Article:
Maintain a friendly attitude with everyone you meet in court that day, including your co-parent. Always address the judge as "Your Honor" and don't speak out of turn or interrupt the judge. It can be helpful to write an outline of the points you want to make in court so that you don't miss something important or get caught up by nerves and say something you wish you hadn't.
Check Your Physical Mail and Email
Representing yourself in a divorce means that you are responsible for any correspondence related to your case. Missing out on an important letter or email from the court could affect how things end up for you.
Be sure to keep up with any physical mail you receive to your home or emails you receive from the court. Make sure you can access both the mail and email you receive, so, for example, if you don't know the password to your old email account, create a new account.
Keep an eye on this account and on your physical mail throughout your case. It's up to you to receive and attend to all of this correspondence.
These tips are only a few things you'll need to keep in mind as you represent yourself in a divorce, but there is more that you could know before entering that process. It's not easy for someone totally new to this system to hop in and handle their entire case on their own.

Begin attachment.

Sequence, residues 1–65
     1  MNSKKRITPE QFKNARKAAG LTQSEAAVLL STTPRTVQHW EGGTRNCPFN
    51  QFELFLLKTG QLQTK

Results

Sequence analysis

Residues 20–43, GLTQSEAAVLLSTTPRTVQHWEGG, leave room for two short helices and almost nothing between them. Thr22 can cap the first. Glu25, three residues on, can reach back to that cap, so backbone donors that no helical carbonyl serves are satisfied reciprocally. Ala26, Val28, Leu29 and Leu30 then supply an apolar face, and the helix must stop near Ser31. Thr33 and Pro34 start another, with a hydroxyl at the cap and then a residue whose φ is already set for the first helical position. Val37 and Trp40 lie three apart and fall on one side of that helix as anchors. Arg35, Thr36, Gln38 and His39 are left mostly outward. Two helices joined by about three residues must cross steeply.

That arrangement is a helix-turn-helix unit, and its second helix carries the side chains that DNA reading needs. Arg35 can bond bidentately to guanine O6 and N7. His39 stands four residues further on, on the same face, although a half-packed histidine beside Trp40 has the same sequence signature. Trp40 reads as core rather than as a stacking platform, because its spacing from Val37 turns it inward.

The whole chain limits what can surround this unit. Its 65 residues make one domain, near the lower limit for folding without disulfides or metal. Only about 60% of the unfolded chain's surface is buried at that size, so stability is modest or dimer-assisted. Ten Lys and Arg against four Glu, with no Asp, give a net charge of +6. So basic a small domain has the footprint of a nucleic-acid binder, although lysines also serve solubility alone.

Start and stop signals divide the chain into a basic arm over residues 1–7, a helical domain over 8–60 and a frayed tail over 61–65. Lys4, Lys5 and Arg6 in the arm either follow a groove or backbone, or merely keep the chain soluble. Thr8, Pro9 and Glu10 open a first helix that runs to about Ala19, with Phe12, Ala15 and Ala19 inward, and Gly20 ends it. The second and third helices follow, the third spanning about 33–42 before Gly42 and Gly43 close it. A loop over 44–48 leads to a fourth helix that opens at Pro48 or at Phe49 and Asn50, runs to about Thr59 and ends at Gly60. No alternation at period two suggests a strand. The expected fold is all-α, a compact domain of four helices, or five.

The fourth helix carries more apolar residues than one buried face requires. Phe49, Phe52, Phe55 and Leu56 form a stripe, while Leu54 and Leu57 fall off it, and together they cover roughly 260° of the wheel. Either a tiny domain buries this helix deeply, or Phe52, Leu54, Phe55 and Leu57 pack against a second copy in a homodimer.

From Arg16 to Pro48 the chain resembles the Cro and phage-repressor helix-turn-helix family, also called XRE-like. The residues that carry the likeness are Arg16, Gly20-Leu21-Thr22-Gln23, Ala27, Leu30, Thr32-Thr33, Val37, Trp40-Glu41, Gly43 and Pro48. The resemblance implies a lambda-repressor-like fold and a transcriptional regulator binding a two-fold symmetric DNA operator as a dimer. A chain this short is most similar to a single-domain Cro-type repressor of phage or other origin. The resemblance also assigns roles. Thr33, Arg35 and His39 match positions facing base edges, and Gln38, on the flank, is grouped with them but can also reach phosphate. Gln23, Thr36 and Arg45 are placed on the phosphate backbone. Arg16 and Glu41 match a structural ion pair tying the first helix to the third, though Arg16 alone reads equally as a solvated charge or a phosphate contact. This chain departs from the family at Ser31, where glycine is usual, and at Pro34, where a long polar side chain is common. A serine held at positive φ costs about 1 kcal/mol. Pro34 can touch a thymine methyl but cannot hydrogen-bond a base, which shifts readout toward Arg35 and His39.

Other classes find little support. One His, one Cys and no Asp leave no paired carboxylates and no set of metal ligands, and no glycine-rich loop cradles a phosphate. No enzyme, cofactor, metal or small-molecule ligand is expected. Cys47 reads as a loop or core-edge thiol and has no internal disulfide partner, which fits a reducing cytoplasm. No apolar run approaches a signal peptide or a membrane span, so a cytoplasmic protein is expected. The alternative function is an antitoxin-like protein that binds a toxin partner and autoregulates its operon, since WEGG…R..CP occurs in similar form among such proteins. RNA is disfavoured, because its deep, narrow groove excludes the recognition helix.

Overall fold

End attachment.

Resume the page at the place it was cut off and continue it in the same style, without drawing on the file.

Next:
While asking for help might not always be free, there are more affordable resources available that should not be overlooked.
Ask Questions & Do Research
Asking questions is key when you're representing yourself. If the judge is saying something that you don't quite understand during your hearing, politely ask if they could explain. They might not answer every question you have, but it doesn't hurt to ask kindly to see if you can get a further explanation.
Researching your questions online can also help if you're not sure who to ask. Be aware that not everything you read online will pertain directly to your case, so be critical of what you're reading. Nonetheless, doing some research can go a long way in giving you an understanding of this process.
Unbundled Legal Services
Some attorneys offer unbundled legal services, also referred to as limited scope representation. This means that an attorney will work with you only to a point. You will choose which services you want help with from the attorney, so you'll only pay for those services that you receive.
Unbundled legal services might include hiring an attorney to prepare the documents you file in court, coach you on how to handle yourself in the courtroom, or even appear in court with you during more technical aspects of your case.
Remember, enlisting the help of unbundled legal services is not the same as hiring an attorney full-time. You will still be fully responsible for every other aspect of your case, but it may be nice to get help with any items you feel particularly unsure how to handle on your own.
Every divorce is a challenge for those involved, but representing yourself can increase the obstacles that you must face. Be sure this is the right decision for you before diving into it.